Ironically, while the state can invest up to $15 million in any New Mexico venture fund, until last December none of the eight had asked for more than $7 million. That is likely because the tech projects worked on locally are so esoteric that VCs hesitate to take the plunge. Unlike in corporate research, Los Alamos and Sandia scientists--the core of the entrepreneur pool--develop gadgets whose commercial applications are seldom obvious, such as instruments that take minute measurements of the intensity of a laser beam, and plasma used in weaponry casings. Nonetheless, CVF attendees nowadays typically include scientists who drive the winding canyon road from Los Alamos, biotech and software folks from Santa Fe, Sandia Labs researchers from Albuquerque, as well as venture capitalists. Investors now sit on the board of CVF, and so, interestingly, does TVC.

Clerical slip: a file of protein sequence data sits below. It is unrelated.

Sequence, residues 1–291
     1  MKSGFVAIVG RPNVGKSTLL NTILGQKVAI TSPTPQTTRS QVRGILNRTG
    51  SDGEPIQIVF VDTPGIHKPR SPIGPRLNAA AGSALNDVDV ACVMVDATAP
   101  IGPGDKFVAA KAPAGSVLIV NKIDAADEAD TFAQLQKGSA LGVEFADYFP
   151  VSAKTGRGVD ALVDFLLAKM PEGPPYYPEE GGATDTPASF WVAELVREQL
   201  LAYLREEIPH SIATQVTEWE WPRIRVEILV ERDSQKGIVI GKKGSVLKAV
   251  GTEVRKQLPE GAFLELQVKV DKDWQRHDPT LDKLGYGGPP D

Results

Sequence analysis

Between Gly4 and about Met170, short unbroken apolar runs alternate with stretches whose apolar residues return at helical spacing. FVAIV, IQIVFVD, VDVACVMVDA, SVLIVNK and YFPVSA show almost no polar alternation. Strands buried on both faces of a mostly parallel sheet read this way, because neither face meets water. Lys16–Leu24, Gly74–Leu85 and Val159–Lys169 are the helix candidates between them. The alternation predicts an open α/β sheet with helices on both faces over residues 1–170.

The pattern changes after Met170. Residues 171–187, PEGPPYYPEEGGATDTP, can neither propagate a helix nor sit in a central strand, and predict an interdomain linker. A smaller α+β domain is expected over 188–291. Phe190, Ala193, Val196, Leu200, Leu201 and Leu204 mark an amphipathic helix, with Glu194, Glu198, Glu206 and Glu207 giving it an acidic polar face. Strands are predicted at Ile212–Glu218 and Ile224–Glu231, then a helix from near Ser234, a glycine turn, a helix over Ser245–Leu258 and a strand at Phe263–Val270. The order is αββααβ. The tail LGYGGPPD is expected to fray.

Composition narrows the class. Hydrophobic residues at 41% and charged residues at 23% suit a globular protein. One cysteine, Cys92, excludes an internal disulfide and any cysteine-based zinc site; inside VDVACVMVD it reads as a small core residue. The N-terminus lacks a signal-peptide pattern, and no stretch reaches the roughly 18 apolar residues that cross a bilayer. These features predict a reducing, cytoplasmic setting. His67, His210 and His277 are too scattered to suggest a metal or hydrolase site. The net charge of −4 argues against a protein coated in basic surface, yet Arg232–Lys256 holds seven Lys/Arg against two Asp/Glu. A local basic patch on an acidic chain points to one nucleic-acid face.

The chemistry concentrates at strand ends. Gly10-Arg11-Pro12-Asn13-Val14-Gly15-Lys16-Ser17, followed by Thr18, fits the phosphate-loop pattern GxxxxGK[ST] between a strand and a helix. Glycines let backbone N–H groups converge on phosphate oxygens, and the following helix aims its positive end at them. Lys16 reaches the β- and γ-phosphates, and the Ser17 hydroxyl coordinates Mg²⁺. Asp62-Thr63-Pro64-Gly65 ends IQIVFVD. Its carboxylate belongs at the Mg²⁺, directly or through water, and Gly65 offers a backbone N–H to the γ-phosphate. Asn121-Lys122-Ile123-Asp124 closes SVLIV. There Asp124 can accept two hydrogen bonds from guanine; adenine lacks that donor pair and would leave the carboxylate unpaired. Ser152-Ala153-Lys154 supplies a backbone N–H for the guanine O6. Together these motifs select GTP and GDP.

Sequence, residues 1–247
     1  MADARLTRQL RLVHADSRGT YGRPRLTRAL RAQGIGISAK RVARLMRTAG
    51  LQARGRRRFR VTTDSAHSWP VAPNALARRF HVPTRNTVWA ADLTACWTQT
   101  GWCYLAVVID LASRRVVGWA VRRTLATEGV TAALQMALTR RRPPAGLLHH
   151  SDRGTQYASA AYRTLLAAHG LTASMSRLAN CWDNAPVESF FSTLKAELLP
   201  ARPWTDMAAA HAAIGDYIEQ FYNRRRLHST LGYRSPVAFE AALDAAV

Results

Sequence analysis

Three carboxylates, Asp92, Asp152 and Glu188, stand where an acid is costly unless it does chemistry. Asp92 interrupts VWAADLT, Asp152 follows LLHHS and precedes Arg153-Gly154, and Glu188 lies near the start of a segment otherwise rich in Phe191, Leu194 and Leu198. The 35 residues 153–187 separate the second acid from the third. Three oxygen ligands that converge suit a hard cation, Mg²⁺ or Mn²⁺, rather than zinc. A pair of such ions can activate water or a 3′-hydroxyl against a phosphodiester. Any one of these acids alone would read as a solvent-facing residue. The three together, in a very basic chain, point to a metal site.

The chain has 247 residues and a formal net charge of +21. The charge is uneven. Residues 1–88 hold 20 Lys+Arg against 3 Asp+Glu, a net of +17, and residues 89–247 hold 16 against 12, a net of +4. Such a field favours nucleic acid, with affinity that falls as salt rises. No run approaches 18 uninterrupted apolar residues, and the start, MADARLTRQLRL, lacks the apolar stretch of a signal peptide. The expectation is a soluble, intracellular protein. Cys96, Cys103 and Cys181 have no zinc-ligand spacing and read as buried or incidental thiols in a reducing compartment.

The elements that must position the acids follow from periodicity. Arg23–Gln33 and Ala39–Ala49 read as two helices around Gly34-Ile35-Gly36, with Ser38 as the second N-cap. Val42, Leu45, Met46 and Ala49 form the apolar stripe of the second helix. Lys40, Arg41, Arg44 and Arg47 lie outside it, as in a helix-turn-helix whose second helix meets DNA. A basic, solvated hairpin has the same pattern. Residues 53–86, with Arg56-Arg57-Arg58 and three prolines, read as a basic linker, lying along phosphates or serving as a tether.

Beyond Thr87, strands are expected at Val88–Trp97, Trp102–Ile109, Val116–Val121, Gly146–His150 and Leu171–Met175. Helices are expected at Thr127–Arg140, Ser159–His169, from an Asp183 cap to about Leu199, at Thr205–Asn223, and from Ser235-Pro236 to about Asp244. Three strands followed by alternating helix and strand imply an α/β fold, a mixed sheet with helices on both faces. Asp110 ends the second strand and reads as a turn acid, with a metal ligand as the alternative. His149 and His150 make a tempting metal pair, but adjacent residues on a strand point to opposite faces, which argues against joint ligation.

Success creates its own headaches. CVF conferences are no longer lonely affairs. Burge, who after quitting TVC in 1999 set up his own technology company, proActive.tools, often has to help set up extra chairs and tables, because more people show up than make reservations. (In a place where few events sell out, calling ahead isn't exactly a habit.) These days the till, at the end of the conferences, is finally matching the bills. But CVF is still trying to find a permanent place to hold meetings, and its requirements are growing. Airport cafeterias need not apply.

By Emily Esterson

Esterson edits the New Mexico Business Weekly.